If you have diabetes, peripheral artery disease (PAD), or both, you can prevent serious foot problems, including the loss of a toe, foot, or leg to amputation, by taking care of your feet every day.
Daily Foot Care Routine
- Wash your feet each day. Use warm water and mild soap. Dry gently but well, making sure to dry between your toes.
- Keep the skin on your feet supple and soft. Apply cream or lotion (that does not contain alcohol, which can be drying) over the tops and bottoms of your feet. Do not use between your toes.
- Check your feet every day for sores, cuts, breaks in the skin, red spots, swelling, corns, calluses and blisters, ingrain toe nails, dry skin, bumps and hot and cold spots. Use a mirror, or ask a friend, to help if you have trouble seeing the bottoms and sides of your feet.
- Trim toenails straight across and file the edges to prevent ingrown toenails. If you are not able to trim them because they are hard and thick, or for other reasons, ask your doctor to refer you to a foot care provider (podiatrist) who specializes in working with people with diabetes or other foot and leg problems.
- If you find any problems with your feet, call your doctor. Do not try to treat them yourself. Some foot care products can harm your skin and make your problems worse.
Protect Your Feet from Sores
- Wear shoes and socks at all times, even indoors. To avoid the possibility of sores or blisters, choose shoes that fit well and socks that are seamless or have flat or soft seams. Be sure to check for pebbles or rough edges in your shoes before putting them on. If you have lost feeling in your feet due to diabetes and PAD, you may not be able to feel if something is not right in your shoes.
- Make sure your shoes fit properly. You may need to work with a shoe expert to ensure that you have the correct size shoe if you have lost feeling in your feet. If you wear special inserts for your shoes, take them along when you are being fitted to make sure there is ample room for your toes in your new shoes. Avoid blisters by breaking in new shoes gradually. Wear them for only a few hours a day at first.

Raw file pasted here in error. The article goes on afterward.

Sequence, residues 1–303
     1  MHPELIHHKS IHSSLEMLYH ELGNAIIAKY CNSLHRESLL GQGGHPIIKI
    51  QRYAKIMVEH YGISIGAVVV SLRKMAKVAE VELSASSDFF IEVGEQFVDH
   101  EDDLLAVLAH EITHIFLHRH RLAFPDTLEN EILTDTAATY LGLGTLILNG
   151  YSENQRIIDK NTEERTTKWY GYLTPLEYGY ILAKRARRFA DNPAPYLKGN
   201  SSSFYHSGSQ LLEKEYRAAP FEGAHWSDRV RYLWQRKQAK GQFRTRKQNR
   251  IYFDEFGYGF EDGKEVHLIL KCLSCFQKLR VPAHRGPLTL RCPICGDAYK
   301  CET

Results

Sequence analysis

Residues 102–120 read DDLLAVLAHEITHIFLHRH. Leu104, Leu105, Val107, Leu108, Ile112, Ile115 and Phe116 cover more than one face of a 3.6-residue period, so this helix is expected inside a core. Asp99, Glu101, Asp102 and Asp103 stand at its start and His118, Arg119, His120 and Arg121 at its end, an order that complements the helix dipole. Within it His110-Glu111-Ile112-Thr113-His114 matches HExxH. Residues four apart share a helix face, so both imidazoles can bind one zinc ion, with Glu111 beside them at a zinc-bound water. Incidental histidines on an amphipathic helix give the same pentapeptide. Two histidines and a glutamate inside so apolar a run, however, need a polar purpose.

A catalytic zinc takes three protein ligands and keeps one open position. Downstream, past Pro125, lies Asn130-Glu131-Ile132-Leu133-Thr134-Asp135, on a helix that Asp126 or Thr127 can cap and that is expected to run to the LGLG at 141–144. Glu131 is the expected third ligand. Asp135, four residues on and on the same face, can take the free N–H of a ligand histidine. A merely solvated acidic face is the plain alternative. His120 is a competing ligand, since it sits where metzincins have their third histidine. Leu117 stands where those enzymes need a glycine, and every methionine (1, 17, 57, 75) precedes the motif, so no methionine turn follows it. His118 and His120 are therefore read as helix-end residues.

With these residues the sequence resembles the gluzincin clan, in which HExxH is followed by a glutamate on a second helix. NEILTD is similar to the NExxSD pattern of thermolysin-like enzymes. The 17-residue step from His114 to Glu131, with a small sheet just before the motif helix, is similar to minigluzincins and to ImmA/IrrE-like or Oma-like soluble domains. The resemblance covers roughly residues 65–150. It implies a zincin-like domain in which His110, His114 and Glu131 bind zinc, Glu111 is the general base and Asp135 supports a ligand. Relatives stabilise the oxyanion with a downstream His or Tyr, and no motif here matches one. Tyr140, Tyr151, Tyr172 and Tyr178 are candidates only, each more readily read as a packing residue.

- Keep your feet warm – but not too warm. Wear socks to bed if your feet are cold. Always wear shoes on hot pavement and at the beach. If you have diabetes, use your arm or hand – not your feet – to test the temperature of water. If you have lost feeling in your feet, you may not realize the water is too hot and you may be burned.
- Keep blood flowing to your feet. When sitting, put your feet up. Wiggle your feet and toes. Avoid crossing your legs for long periods. And quit smoking. Using cigarettes or other tobacco products causes the blood vessels to narrow reduces blood flow.
- Be active. Get moving and be active every day. Make sure to wear athletic shoes that fit well and provide good support. Walking, biking, swimming and dancing are good activities that are easy on the feet. Running, jumping and other activities that are hard on the feet are best avoided.
Ask for Foot Exams
- Have your feet checked every time you visit your doctor. If you have diabetes you should have a complete foot exam at least once a year and more often if you have foot problems. A complete foot examination includes looking at the skin, muscles and bones, checking the circulation, assessing how well you walk, and determining if you have numbness.
Print a copy of the Treat Your Feet Checklist here. (PDF)